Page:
The NFL's finance committee approved Dan Snyder's request for full control of the franchise to acquire 40.5% of the shares.
The majority owner of the Washington Football Team, Dan Snyder, will gain near-total control of the franchise after the NFL Finance Committee cleared the way for him to acquire the participation of his minority investors.
The committee approved Snyder's request for a waiver of $ 450 million in debt, an NFL spokesperson confirmed. Next week, the other NFL owners will vote at the league's annual meeting on whether to approve the deal. Snyder needs 24 of the owners' 32 votes in favor of the transaction.
The move does not impact the independent investigation being conducted into the franchise by attorney Beth Wilkinson. The investigation began with a series of articles published by the Washington Post detailing accusations of sexual harassment by former employees over the past 15 years. No report has been made to the league.
If the deal is approved, Snyder will acquire another 40.5 percent stake from minority owners Fred Smith, Robert Rothman, and Dwight Schar. They had bought his stake in 2003. Snyder's mother, Arlette, holding 6.5 percent, and his sister, Michele, another 12.55 percent, and currently, Snyder owns 40.59 percent of the team.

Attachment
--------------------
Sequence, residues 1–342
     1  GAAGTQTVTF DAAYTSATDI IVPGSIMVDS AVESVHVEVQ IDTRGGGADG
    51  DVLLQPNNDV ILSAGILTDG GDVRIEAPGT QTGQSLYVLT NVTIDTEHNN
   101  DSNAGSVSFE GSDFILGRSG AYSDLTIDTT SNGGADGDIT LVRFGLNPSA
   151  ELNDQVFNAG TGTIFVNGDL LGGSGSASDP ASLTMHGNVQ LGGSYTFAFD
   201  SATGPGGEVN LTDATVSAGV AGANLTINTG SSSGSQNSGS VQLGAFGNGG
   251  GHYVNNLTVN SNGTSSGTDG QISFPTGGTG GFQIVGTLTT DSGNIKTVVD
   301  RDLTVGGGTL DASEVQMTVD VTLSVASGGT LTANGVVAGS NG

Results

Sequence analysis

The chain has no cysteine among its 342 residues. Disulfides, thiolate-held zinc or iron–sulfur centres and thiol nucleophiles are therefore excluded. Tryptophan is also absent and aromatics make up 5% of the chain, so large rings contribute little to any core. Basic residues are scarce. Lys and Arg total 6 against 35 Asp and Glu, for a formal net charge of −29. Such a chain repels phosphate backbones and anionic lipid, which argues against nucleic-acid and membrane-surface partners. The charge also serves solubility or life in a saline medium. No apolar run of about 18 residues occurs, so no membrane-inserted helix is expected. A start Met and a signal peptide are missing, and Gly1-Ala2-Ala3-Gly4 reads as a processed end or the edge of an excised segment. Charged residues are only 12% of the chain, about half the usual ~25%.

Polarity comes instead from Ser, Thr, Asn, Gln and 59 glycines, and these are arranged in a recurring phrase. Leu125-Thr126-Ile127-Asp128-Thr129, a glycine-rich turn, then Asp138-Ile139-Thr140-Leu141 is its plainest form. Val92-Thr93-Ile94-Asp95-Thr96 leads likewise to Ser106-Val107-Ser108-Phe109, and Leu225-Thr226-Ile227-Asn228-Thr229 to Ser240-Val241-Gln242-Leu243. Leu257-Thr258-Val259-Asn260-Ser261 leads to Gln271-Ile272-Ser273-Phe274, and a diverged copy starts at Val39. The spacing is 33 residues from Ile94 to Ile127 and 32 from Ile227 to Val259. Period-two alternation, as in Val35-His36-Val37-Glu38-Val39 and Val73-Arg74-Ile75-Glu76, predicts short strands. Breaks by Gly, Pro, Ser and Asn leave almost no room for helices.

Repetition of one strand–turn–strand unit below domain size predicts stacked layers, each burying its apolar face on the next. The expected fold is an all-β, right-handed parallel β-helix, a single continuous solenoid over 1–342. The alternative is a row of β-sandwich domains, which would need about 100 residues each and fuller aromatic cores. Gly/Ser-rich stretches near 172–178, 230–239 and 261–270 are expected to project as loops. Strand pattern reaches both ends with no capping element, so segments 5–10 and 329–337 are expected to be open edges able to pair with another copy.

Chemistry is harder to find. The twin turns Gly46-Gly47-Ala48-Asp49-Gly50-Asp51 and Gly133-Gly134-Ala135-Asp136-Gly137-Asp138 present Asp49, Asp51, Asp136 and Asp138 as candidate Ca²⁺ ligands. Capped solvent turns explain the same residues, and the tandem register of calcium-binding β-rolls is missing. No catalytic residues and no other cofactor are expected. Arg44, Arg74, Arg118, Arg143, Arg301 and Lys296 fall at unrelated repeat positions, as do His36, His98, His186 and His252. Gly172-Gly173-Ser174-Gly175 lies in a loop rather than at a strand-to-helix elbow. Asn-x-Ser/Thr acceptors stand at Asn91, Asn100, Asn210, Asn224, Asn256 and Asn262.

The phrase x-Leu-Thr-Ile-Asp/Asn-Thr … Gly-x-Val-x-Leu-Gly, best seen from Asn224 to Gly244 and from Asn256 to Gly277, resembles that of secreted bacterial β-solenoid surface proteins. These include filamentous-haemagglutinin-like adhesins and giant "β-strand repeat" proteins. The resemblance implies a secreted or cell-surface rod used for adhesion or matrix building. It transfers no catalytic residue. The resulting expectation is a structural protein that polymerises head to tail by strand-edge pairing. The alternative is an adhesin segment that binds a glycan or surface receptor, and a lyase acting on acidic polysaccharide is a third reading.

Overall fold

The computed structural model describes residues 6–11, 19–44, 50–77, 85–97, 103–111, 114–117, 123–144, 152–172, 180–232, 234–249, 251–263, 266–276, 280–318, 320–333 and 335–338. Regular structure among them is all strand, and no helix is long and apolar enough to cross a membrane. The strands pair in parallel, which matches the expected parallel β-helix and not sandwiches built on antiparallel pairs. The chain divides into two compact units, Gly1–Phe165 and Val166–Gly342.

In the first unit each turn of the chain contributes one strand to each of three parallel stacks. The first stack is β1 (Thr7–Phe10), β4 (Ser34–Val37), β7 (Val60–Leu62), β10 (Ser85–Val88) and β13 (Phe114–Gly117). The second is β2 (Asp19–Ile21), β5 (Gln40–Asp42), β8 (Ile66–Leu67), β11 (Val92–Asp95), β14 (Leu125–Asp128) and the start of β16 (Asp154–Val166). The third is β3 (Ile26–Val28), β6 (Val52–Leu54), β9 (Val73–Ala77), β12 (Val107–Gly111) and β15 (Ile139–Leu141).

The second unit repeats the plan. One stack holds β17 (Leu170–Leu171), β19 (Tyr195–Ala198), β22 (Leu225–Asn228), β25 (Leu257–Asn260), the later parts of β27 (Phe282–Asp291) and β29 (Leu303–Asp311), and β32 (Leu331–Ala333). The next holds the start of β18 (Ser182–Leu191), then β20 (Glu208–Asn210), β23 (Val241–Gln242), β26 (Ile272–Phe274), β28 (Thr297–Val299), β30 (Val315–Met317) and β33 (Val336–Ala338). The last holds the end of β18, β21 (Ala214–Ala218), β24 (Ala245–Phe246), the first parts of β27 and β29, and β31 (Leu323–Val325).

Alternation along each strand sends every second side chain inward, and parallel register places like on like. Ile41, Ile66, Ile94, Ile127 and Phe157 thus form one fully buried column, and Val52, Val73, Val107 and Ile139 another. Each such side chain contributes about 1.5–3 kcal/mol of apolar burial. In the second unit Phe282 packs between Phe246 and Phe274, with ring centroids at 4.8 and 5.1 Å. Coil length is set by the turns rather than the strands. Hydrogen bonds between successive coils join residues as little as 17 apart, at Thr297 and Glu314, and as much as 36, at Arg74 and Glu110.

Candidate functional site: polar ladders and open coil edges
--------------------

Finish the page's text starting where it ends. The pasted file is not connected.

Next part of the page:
According to a report by The New York Times, the total for the remaining stock deal would be about $ 875 million. Snyder will have to pay debts by 2028. The Washington Post reported in November that a group of investors had given minority owners 900 million in shares, but Snyder blocked the deal.
The battle between the minority owners and Snyder came into the public eye this summer, continuing through the winter, with numerous legal actions brought by the parties accusing them of negotiating in bad faith and leaking false information.
Washington is also amid a rebranding, having decided to withdraw its previous name last summer. A new name or logo has not yet been announced, but there will be a permanent one for the 2022 season. The club will continue as the Washington Football Team for next season.
Soon after the publication of the post articles, the organization started working to improve its culture. Among other moves, she hired Jason Wright as the first African-American president of an NFL team. Julie Donaldson was the vice president of a league team's radio broadcasts and the first woman to be part of the media.
Snyder could not be attained for comment a public relations firm describing.